Front month WTI retreated further away from $20. CFTC figures show speculative long trades in WTI jumped 35% – the worry is traders are trying to pick this market and the physical market is still not able to catch up with the speculators. The move in speculative positioning and price action raises concerns about volatility in the front month contract heading into the rest of May.
BT Group shares dropped more than 3% on reports it’s looking to cut its dividend this week. Quite frankly they ought to have cut it months ago. I rehash what I said in January: Newish CEO Philip Jansen should have done a kitchen sink job and cut the dividend from the start. The cost of investment in 5G and fibre is crippling, despite the cutbacks and cost savings. Net debt ballooned to more than £18.2bn – up £7.2bn from March 31st 2019. How can BT justify paying over £1bn in dividends when it needs to sort this debt out, get a grip on the pension deficit and do the kind of capex needed for 5G and mass fibre rollout? Given the current environment, a dividend cut seems assured.
What to watch this week
NFP – Friday’s nonfarm payrolls release is likely to be a history-making event. Last month’s -701k didn’t reflect many days of lockdown, so the coming month’s print will be seismic. However, this is backward looking data – we know that in the last initial jobless claims have totalled around 30m in six weeks – the NFP number could be as high as 22m according to forecasts. The unemployment rate will soar to 16-17%. The main focus remains on exiting lockdown and finding a cure.
BOE – The Bank of England may well choose this meeting to expand its QE programme by another £200bn, but equally it may choose to sit it out and simply say that it stands ready to do more etc. The Bank will update forecasts in the latest Monetary Policy Report, with the main focus likely to be on how bad they think Q2 will be. Estimates vary, but NIESR said Thursday the contraction will be 15-25%.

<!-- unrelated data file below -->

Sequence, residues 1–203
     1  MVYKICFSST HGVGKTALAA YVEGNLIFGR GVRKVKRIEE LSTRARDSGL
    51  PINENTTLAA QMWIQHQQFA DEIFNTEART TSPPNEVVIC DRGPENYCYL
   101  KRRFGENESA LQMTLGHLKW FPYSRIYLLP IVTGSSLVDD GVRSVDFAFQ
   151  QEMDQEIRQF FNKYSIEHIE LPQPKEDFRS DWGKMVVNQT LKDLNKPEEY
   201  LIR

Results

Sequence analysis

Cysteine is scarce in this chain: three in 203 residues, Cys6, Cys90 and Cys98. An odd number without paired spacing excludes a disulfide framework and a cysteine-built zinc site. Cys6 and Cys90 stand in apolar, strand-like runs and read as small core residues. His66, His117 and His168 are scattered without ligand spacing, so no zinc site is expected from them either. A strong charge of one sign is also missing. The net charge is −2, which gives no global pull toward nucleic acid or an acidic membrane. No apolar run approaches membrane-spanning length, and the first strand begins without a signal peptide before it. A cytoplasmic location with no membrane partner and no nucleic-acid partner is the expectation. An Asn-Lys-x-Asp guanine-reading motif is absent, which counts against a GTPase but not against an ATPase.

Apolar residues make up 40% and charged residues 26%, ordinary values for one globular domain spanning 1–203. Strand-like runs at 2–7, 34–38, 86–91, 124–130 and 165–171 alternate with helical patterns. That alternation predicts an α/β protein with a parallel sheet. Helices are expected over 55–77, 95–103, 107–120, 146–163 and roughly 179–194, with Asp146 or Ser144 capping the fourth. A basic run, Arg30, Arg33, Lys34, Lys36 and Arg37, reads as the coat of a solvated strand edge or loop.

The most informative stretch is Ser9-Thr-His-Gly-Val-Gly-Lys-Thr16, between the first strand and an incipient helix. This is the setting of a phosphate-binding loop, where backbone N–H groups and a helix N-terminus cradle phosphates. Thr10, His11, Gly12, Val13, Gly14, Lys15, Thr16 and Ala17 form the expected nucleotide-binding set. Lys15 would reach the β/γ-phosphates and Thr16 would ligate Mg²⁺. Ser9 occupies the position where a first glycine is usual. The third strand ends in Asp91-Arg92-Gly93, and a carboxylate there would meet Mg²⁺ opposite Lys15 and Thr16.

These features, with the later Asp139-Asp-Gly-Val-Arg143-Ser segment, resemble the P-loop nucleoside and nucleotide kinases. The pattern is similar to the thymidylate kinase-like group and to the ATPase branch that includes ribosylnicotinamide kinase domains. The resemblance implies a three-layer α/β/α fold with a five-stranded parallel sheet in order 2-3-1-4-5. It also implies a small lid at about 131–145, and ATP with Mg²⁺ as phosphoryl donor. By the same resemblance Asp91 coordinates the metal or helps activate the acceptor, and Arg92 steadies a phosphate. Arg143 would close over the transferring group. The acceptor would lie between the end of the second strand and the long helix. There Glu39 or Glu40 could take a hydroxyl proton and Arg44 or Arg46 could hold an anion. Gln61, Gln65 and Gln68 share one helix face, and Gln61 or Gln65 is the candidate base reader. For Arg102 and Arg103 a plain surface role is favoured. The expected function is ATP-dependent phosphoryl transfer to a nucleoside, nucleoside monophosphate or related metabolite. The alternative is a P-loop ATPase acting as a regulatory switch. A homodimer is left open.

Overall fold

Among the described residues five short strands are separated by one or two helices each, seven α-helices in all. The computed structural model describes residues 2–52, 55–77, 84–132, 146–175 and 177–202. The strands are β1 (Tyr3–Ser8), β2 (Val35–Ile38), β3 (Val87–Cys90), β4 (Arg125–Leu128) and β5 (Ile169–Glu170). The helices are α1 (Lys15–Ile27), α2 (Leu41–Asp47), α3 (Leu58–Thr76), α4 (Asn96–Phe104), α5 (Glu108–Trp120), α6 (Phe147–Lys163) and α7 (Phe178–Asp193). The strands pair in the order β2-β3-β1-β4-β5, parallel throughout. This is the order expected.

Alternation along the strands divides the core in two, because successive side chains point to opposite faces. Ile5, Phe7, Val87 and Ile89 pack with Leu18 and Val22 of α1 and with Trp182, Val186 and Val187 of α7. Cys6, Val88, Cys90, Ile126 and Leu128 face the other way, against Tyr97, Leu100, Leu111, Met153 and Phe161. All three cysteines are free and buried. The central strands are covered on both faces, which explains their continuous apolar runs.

RBA – The Australian dollar is our best risk proxy right now. The collapse in AUDJPY on Thursday back to 68.5 after it failed to break 70 was a proxy for equity market sentiment. We will wait to see whether the Reserve Bank of Australia meeting on Tuesday gives any fresh direction to AUD, however there is not going to be a change in policy.
Tech stocks under pressure
Markets remain on the hook to the trade war rumblings, but a new war has opened up that threatens equity investors – a war on tech. What the Fed threatens to give, the DoJ takes away.
Yesterday we saw a soft start in the US before the ISM print missed and investors raised bets the Fed will cut rates this year. But the Fed put was not enough to fight the tide off tech woes.
Fangs are under severe pressure amid fears they are in the crosshairs of trust busters. The DoJ and FTC are marking targets and loading up. Whilst it’s far too early to say if any would, or could, be ripe to be broken up, there’s a real threat this will depress multiples and mean we need to reset expectations. Given the Fangs have been at the front of the market expansion in recent years, this will act as a drag on sentiment as well.
A couple of very big moves yesterday in Alphabet and Facebook.
Alphabet –6% – support now seen around $968, before $895 comes into play.
Facebook –7.5% – key support seen at $159, below that we look to the $145 level.